Verified Cowl to Plenum Clearance

I wanted to ensure that there is sufficient clearance between the cowl and the plenum across the entire plenum.  I came up with the idea of placing blobs of something on top of the plenum and then installing the top cowl.  I wanted something that would deform pretty easily so that it wouldn’t deflect the plenum, but stiff enough that it will stand up by itself without sagging.  My wife suggested a product called Moon Dough that my son had.  This worked perfectly.  It deforms with practically zero pressure, but won’t move on it’s on.  As you can see, the blobs flattened down nicely and perfectly reveal the clearance at each point.  I measured all of these, and they’re all very close to 1/2″.  I’m going to trim the baffles down another 1/8″, but the thickness of the plenum and the screw heads will eat up some of the clearance.  I should end up with at least 3/8″ all the way around.

Started Fitting Plenum

I popped the plenum out of the mold and roughly trimmed it to the baffles.  The fit is pretty good, but there will definitely have to be some tweaks.

These corners were touching the underside of the top cowl.  I’ll want a good 3/8″ of clearance between the top of the plenum and the button of the top cowl to allow for engine movement.  I trimmed the forward aluminum baffles in order to lower this part of the plenum almost 1/2″.  Unfortunately, this lowers the inboard edge of the ramps a little too much.  I’ll have to cut and reglass the side of the ramp to raise the forward edge slightly.  I’m really glad I only laid up two layers of glass so far as it makes it really easy to bend and cut.  I’ll probably end up laying up the additional layers right on the engine so that the plenum fit perfectly.

The outboard edges need to come down quite a bit.  The inlets are quite a bit shorter at their outer ends than their inner ends.  I’ll have to trim the side baffles to allow this to come down.

Started Laying Up Plenum

I started laying up the plenum tonight.  I’m starting with two layers of glass because I’m going to have to narrow the inlets a bit and create little “ears” out the outer ends to attach the plenum to the baffles.  I’ll layup a couple of additional layers once I’ve established the final shape.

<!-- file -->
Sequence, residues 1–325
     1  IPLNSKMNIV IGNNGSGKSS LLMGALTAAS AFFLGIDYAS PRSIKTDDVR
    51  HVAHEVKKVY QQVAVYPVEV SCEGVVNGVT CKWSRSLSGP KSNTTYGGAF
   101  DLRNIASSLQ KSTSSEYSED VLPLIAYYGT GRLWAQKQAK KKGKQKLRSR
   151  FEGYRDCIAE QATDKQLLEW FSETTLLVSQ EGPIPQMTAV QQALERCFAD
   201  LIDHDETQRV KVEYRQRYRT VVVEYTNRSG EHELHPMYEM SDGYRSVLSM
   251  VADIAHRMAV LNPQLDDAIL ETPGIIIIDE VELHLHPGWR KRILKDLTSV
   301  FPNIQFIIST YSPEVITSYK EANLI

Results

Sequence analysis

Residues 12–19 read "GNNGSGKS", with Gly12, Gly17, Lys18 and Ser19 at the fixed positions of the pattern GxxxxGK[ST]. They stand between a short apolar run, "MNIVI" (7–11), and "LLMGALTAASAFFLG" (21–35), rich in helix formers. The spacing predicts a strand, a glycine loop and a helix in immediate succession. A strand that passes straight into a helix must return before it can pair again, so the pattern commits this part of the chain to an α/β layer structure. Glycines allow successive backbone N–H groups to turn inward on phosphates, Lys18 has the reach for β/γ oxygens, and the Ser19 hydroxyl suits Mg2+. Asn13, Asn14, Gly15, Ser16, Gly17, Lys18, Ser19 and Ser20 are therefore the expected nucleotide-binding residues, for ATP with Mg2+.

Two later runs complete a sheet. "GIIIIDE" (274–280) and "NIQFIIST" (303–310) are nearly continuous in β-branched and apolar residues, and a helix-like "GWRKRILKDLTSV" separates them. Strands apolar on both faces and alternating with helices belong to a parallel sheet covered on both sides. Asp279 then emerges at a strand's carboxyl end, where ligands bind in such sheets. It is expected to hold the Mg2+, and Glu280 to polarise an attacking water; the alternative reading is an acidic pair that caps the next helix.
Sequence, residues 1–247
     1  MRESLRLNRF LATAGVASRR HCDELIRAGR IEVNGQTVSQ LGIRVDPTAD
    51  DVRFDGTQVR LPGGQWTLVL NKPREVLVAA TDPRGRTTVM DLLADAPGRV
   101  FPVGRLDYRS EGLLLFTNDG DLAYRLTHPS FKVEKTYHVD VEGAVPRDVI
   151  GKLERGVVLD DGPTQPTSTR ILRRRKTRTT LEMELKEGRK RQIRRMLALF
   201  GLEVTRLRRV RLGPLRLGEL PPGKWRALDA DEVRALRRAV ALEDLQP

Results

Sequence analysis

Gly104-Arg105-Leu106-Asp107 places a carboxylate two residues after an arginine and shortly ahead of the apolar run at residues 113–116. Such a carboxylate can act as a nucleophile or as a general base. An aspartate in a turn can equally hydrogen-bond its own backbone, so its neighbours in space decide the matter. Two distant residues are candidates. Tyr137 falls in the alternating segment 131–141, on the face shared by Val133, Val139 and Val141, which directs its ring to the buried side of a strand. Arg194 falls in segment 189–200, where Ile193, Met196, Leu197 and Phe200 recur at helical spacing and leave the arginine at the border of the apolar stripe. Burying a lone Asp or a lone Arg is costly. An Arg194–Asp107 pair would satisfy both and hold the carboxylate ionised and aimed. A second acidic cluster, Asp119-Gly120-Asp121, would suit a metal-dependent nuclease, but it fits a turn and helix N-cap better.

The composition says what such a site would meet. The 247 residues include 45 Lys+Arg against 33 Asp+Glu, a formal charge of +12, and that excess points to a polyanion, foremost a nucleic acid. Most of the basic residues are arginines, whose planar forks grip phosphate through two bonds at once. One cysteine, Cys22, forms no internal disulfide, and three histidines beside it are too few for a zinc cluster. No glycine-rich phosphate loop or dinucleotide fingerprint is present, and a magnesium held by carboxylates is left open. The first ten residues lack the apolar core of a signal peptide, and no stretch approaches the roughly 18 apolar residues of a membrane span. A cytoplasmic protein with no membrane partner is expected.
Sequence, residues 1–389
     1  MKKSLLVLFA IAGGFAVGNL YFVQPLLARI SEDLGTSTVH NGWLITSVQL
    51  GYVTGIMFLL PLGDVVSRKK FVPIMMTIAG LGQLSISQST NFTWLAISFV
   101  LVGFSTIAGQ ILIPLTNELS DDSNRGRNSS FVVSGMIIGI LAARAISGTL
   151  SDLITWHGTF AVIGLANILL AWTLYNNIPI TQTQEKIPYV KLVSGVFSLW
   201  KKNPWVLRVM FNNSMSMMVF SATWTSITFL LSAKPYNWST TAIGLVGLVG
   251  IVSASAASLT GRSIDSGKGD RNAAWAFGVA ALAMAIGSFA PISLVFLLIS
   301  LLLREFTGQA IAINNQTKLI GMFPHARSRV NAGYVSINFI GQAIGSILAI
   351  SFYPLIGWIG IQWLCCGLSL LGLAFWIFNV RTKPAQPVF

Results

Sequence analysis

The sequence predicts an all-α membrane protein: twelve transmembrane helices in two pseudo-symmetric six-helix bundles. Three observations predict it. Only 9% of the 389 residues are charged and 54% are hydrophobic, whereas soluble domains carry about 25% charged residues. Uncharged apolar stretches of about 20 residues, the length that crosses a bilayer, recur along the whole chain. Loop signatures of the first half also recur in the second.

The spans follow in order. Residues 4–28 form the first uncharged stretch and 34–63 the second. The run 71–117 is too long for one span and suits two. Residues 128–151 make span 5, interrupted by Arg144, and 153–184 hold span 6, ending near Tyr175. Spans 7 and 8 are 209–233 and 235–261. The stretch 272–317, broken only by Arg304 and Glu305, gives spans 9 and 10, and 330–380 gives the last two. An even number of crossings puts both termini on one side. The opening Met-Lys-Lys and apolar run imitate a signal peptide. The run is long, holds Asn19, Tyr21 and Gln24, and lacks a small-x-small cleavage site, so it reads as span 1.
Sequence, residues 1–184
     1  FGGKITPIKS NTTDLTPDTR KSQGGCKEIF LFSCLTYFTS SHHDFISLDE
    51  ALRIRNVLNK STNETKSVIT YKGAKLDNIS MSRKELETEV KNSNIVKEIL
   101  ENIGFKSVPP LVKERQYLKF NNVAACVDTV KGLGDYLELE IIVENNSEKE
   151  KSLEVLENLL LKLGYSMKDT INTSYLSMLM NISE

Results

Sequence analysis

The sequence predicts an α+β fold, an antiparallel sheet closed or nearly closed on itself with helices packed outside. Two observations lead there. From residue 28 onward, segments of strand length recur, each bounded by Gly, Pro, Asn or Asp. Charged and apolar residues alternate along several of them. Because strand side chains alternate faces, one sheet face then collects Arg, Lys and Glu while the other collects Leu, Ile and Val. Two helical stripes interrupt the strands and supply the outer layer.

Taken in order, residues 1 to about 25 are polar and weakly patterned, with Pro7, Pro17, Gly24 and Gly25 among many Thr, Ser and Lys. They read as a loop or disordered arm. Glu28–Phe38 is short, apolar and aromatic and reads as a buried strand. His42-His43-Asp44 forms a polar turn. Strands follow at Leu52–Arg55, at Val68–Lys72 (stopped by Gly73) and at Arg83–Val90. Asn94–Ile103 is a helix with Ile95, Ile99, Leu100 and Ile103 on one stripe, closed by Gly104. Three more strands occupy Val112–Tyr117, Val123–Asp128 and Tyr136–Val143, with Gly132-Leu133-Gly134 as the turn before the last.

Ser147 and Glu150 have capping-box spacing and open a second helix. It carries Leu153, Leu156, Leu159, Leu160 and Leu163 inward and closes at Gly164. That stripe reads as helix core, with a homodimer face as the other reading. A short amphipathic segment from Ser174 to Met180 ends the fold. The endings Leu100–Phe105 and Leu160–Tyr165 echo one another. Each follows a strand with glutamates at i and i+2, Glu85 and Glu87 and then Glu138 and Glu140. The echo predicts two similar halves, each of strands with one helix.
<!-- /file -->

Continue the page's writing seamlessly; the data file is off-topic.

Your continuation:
I had been considering buying the equipment to do vacuum bagging, but it’s fairly expensive and I don’t expect to do much of it.  After thinking about it a bit though, I stumbled on a really cheap alternative.  This is one of those Space Saver storage bags.  Most of the bags they sell are too small, but they sell some larger bags labeled as hanging bags, the “suit” sized bag was perfect for the plenum and cost around $10.  The material isn’t stretchy, so you’ll have to coerce it into corners, but there’s enough slack to do this.  Over the two layers of glass, I added a full layer of Dacron and a couple of layers of paper towels to absorb excess resin.  I then used our vacuum cleaner to suck out all of the air.  This worked surprisingly well, and the vacuum was still maintained the next morning.

Applied Mold Release to Plenum Mold

This picture looks almost exactly like the one from yesterday, but I have applied several coats of mold release wax and a couple of coats of mold release agent.  The mold release agent is thinner than I expected and doesn’t really flow out like it ought to.  I ended up using a brush to even out the surface a bit, but it still didn’t make a nice even coating.

Modified Plenum Mold

The plenum mold I purchased was made on the old non-pink cowling and made the inlets too narrow to work on my cowling.  I cut off the ears and made a little mold with some stiff paper covered in packing tape.  The paper is attached to the other side (which is the top side) of the plenum mold with double-sided carpet tape.  I used four layers of 9 ounce cloth.  The dark lines along the edge of the mold and along the apex of the curve are epoxy/flox fillets to allow the glass to drape smoothly down onto the paper and to provide a hard corner along the apex of the curve.

Sealed Snorkel

The battery is fully charged again and appears to be none the worse for the abuse I put it through.  The real test will be when I try to start the engine for the first time with it.

I finished filling the snorkel.  You can see a little bit of the reddish flox mix around the holes used to attach the snorkel to the fuel injection servo.  I did this to make the forward surface parallel with the aft surface so that the bolts would apply even pressure to the flange.  Afterward, I applied a coat of pure epoxy to fill any pinholes and seal the surface.  After a final sanding, this is ready for primer and paint.

Recharged Battery

I accidentally left my master switch on a couple of weeks ago, and my battery was dead.  I mean really dead (1/4 volts).  It was so dead that the charger wouldn’t even charge it since it didn’t think it was connected to a battery.  I ended up tricking it by hooking up my bench top power supply in parallel with the battery.  This let the charger see about 12V, which was enough to trigger it into starting to charge the battery.  It’s a little hard to see in this picture, but I have three multi-meters hooked up in addition to the battery charger and bench top power supply.  One of the multi-meters is monitoring battery voltage while the other two are measuring current delivered by the power supply and battery charger respectively.

Sanded Snorkel

I sanded most of the filler off.  This thing is baby smooth now and you can’t feel the weave or the transition to the new glass.  I still need to put some additional flox around the bolt holes since the surfaces aren’t parallel there, and this will get a skim coat of pure epoxy to fill any pin holes.